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The New Redistricting

part 1 2 3

Tracing the roots back to 1812

"I'm the person that gets called in when there's a disaster," says Nathaniel Persily, professor of law at Pennsylvania University. "The bald spot on my head is due to most of my redistricting work."

For Persily, redrawing boundaries is a stressful business. He's carved up maps all over the United States from New York to Georgia. And he says gerrymandering has far reaching implications, not least, in matters of race.

"Martin Frost represents a dying breed of white, conservative Democrats in the South," says Persily. "And what the Republicans have done in Texas and elsewhere, they've successfully targeted all of those white Democrats. And they're trying to make the Democratic party in the South, largely, the party of African Americans and Hispanics."

Although it's grown increasingly partisan, the practice of gerrymandering isn't exactly new. Indeed, the term can be traced all the way back to 1812.

"The word gerrymander, itself," explains Persily, "actually came from Eldridge Gerry, who was the governor of Massachusetts, who drew a district like a salamander to group his opponents into one district in Massachusetts 200 years ago. And so these types of shenanigans have been a part of the American landscape for some time."

In the 1960s, voting rights activists protested at the way some states had failed to redraw their congressional boundaries for decades. That stalling led to districts of wildly unequal populations. A U.S. Supreme Court decision changed that.

"Beginning in the 1960s," says Columbia Law School Professor Samuel Issacharoff, "the Supreme Court said you must redistrict every ten years, and you must make sure the populations are more or less equal across the districts. So we've only had a few cycles of the redistricting, and the first objective was to make sure the population numbers were the same. The problem was that it was left in the hands of the same partisan officials who stood to gain from redistricting. And, as a result, they found they could keep the population numbers the same while achieving extraordinary partisan objectives."

Chief among those objectives was to protect incumbent congressmen at all costs. And that led to a political map, which actually changed little over the last half century.

"The Democrats really were the dominant political party in this country after World War II," says Ritchie. "They controlled the House of Representatives from 1954 to 1994, almost always winning at least 60% of House seats. And they controlled most state legislatures. So when they were doing redistricting, you had the incumbents, being mostly Democrats, closely working with state legislators, who were a majority Democrat, in drawing districts that typically helped Democrats. Texas is an example of one of the states that was changing politically during that time, however. It went from a strongly Democratic state to one that, at this point, is very much dominated by Republicans. But one of the parts of the, sort of the Alamo kind of last stand for Democrats was the 1991 redistricting where they still had complete control of the process. And they did definitely the best gerrymander in any state of that decade, at least the one that most was transparently measurable."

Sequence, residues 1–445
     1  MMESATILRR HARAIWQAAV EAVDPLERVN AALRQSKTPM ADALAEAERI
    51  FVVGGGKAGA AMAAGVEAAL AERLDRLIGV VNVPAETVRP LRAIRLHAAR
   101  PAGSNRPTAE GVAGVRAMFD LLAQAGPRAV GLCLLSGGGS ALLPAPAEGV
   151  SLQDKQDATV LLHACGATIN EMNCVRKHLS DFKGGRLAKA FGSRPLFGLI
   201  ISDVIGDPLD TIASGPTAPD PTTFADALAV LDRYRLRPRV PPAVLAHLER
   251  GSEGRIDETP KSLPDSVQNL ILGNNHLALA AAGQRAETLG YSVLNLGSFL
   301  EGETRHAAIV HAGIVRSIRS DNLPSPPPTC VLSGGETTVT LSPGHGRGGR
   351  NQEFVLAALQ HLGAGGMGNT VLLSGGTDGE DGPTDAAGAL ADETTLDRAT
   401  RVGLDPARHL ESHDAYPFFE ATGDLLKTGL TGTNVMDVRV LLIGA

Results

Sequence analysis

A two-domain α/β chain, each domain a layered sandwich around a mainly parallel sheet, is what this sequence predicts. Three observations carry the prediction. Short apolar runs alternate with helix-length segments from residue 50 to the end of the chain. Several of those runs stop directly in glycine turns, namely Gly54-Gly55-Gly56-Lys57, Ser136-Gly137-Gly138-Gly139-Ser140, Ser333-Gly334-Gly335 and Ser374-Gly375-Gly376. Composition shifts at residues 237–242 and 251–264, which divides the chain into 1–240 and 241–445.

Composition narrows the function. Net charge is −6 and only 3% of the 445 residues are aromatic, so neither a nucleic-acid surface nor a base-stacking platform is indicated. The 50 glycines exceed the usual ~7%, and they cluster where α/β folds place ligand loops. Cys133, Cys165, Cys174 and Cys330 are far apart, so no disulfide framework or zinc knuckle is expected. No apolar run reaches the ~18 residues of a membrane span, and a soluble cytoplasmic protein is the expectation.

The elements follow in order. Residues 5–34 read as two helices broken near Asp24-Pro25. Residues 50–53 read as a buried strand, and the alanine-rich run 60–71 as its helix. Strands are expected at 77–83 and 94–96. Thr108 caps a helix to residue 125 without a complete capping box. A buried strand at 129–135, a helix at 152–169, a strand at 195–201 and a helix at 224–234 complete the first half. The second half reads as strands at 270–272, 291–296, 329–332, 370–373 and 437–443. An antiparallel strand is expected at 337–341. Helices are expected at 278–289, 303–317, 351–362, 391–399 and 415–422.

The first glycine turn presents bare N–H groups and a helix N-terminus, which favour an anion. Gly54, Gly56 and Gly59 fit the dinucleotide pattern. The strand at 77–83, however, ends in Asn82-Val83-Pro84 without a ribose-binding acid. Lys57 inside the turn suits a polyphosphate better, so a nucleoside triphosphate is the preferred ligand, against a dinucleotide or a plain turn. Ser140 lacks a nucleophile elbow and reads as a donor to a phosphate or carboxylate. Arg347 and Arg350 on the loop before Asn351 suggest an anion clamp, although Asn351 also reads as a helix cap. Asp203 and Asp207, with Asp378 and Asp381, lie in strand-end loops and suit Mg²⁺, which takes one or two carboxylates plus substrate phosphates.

That gerrymander in 1991, was ruthlessly effective in maintaining the Democratic bias in the state's congressional delegation. But in 2002, the Republicans gained complete control of the state of Texas for the first time in 130 years. What they did next, mid-decade redistricting was unprecedented. Texas, remember, had just got new districts in the wake of the 2000 census. Two years later the Republicans decided to have their crack at it.

Republican State Representative Phil King is the man who steered the 2003 redistricting bill through the Texas house. A former cop, King is an attorney who wears his faith on his sleeve. Outside his law office is a sign bearing the ten Commandments.

"I'm a Christian," says King, "and I recognize who made me. And, I read the Bible, because it helps me keep a true course."

A straight talker, King is blunt about what he was trying to do.

"The redistricting bill was something that myself and some other members had began to work on several years earlier, because we thought it was right for Texas. We knew that if we could add five to seven seats to the Republican numbers in Congress, that it would be virtually impossible for the Republicans to lose the majority in the U.S. Congress during President Bush's second term."

King fervently maintains that, state wide, Texans back the Republicans. And the facts bear him out. In the November elections in Texas, George W. Bush got 61% of the popular vote, to John Kerry's 38%.

"We drew a map that probably increased Republican congressional seats from 15 to at least 20, maybe 22 in a really good year," says King. "It's not what you'd call a political coup. If we'd have taken it and taken 28 of 32 seats or 25 of 32 seats, or something of that nature, you might have understood why the Democrats went so crazy over it."


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